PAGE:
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arranged marriage

By Agumbs Oct 10, 2014 2344 Words
Alina Khan Gumbs
English Composition 103
Dr. Alina Gharabegian

In the world we live in, human beings rely on their socialization skills to survive. These social skills help them to develop interpersonal relationships with each other. One of the main intimate relationships that developed over time is the bond between a man and a woman. This union became sacred in society, and a term “marriage” developed. In their book, The Ties that Bind: Perspectives on Marriage and Cohabitation, Bachrach, Hindin, and Thomson define marriage “as a legally and socially recognized union, ideally lifelong, that entails sexual, economic, social rights and obligations for the partners” (3-16). Since the evolution of marriages, there have also been arranged marriages. This can be seen as the arrangement of a marriage by a third party, usually by the couple’s parents. Arranged marriages may lead to a longer lasting relationship than non-arranged marriages, because the success of the marriage is stronger with a support system, since the parents, community, religion, and cultural background are involved in making and sustaining the marriage bond.

Initially one might believe that arranged marriages are a distinct feature of the eastern societies but the western societies also have deep roots and seeds of arranged marriage customs and traditions. Arranged marriages have existed for centuries, and it traditions are still practiced today. Many might see an arranged marriage as forced or unwanted but studies done by Myers, Madathil, and Tingle “showed that differences in marital satisfaction between arranged and non-arranged couples are typically insignificant” (183-190). Even a study conducted by Schwartz, “found that ratings of passion, intimacy, and commitment were not significantly different between arranged and non-arranged marriages. Her study also study also noted a lower rate of divorce among arranged marriage couples than non-arranged couples” (68). Despite the number of non-arranged marriages over arranged marriages in today’s world, non-arranged marriages are as successful, if not more successful, than non-arranged marriages. Throughout this paper the success of arranged marriage will be discussed reflecting on the support system, of the parents, community, religion, and their cultural background.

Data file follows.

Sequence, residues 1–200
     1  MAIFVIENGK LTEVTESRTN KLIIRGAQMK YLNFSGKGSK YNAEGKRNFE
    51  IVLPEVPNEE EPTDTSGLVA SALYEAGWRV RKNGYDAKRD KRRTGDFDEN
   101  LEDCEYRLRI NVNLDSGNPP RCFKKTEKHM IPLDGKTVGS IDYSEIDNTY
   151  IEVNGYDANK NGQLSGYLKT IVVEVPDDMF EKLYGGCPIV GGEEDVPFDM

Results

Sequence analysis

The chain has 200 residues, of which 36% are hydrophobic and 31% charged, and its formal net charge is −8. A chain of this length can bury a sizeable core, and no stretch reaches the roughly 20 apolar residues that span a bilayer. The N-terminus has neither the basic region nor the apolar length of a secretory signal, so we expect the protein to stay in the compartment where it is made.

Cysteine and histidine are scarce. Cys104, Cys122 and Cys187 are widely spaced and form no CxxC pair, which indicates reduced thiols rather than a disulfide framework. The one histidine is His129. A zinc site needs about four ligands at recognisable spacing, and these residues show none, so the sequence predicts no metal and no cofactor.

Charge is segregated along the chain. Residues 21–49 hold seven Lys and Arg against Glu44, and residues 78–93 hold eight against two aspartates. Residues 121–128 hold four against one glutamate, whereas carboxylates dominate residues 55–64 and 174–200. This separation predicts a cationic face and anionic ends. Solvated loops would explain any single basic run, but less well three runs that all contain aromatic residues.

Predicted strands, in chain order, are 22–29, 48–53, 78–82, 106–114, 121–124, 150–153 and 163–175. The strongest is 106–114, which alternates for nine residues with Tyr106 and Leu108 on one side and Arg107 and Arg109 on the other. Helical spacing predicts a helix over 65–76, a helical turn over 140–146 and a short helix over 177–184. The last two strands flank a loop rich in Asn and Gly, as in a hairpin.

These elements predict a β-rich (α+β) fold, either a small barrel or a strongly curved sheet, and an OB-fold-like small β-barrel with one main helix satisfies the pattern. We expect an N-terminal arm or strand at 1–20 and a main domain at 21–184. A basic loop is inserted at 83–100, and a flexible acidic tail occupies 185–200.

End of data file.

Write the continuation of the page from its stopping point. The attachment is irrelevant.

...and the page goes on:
The love of parents and their desire for their children’s happiness is the key when helping them choose a mate for their child, they ultimately want to choose a spouse who will seek out their child’s happiness. One can question, who else knows you better than you know yourself? Your parents, so therefore, most often the children of the arranged marriages, have confidence that their parent, of whom they trust, will choose an ideal spouse for them. Our parents are the first people we grow a love bond too; we spend the beginning of our life with our parents learning, living, and growing with them, therefore they know us the best. They know exactly what we like and dislike. It is this same type of love bond, but more intimate, we grow with our spouse over time, and thus, our parents are best at choosing a spouse for their child. The parents of the couple do this by filtering eligible persons for the characteristics they think will best suite their family and their child, such as ethnic values, cultural and socio-economic factors. For instance, in India where arrange marriages are common, the society believes that when a daughter gets married, her parents literally give her away to her new husband’s family; in a way she is the new daughter of her husband’s household. This is significant because the new daughter of the family, has the reputation of the family’s name in her hands; which she has the ability to build it up or break it down. Another reason why the parents want their child to be happy, and take it very seriously when choosing a spouse for their child, is because in a way they are determining the entire future for not only their son/daughter but for their own entire family’s name. As compared to non-arrange marriages, where the person themselves choose their spouse, they most often do not have any support system at all, but only rely upon each other. Not having a support system and choosing your spouse on your own, can be very misleading because in most instances we are blindsided by love that we do not focus on the key characteristics in the person that will sustain a healthy marriage. This might be seen as an advantage, to choose our own mate, but later on we will see how having a backbone of support is ideal in leading and sustaining a successful relationship.